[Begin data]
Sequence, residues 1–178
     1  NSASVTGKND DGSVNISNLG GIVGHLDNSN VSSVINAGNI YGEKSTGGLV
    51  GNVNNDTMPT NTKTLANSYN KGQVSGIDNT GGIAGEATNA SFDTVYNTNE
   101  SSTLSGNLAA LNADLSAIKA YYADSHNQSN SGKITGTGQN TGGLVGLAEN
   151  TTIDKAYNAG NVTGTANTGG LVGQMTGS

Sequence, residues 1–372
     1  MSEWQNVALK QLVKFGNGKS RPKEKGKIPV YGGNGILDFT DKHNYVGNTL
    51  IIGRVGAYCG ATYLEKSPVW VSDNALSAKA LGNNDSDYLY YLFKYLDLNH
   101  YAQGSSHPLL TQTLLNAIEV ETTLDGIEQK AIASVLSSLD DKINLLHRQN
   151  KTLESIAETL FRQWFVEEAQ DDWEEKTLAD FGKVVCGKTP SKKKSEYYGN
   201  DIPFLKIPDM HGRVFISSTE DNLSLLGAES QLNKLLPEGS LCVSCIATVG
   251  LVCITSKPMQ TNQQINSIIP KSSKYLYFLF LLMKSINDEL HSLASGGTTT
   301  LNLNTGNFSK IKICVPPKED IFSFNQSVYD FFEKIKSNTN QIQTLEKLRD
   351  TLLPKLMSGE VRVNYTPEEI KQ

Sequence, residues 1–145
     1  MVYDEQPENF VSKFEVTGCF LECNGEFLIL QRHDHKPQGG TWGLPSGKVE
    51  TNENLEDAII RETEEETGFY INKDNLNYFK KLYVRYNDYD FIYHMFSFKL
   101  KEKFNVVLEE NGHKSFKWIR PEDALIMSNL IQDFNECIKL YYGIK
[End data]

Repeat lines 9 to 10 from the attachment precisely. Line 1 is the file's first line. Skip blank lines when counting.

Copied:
   101  YAQGSSHPLL TQTLLNAIEV ETTLDGIEQK AIASVLSSLD DKINLLHRQN
   151  KTLESIAETL FRQWFVEEAQ DDWEEKTLAD FGKVVCGKTP SKKKSEYYGN